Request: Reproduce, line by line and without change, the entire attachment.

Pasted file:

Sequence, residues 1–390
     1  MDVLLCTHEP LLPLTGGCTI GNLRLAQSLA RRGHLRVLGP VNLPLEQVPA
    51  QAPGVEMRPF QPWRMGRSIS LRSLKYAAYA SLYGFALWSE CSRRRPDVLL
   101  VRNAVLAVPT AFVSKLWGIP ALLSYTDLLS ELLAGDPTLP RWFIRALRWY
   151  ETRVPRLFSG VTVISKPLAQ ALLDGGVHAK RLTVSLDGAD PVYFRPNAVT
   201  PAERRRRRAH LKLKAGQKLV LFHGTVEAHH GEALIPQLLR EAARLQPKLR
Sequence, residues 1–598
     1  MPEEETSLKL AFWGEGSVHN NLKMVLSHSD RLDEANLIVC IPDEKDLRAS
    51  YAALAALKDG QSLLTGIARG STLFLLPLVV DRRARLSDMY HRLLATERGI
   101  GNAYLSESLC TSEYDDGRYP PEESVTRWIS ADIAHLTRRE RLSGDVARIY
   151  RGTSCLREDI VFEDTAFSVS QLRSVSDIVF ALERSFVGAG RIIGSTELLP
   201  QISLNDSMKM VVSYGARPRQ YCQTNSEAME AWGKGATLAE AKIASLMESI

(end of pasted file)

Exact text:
Sequence, residues 1–390
     1  MDVLLCTHEP LLPLTGGCTI GNLRLAQSLA RRGHLRVLGP VNLPLEQVPA
    51  QAPGVEMRPF QPWRMGRSIS LRSLKYAAYA SLYGFALWSE CSRRRPDVLL
   101  VRNAVLAVPT AFVSKLWGIP ALLSYTDLLS ELLAGDPTLP RWFIRALRWY
   151  ETRVPRLFSG VTVISKPLAQ ALLDGGVHAK RLTVSLDGAD PVYFRPNAVT
   201  PAERRRRRAH LKLKAGQKLV LFHGTVEAHH GEALIPQLLR EAARLQPKLR
Sequence, residues 1–598
     1  MPEEETSLKL AFWGEGSVHN NLKMVLSHSD RLDEANLIVC IPDEKDLRAS
    51  YAALAALKDG QSLLTGIARG STLFLLPLVV DRRARLSDMY HRLLATERGI
   101  GNAYLSESLC TSEYDDGRYP PEESVTRWIS ADIAHLTRRE RLSGDVARIY
   151  RGTSCLREDI VFEDTAFSVS QLRSVSDIVF ALERSFVGAG RIIGSTELLP
   201  QISLNDSMKM VVSYGARPRQ YCQTNSEAME AWGKGATLAE AKIASLMESI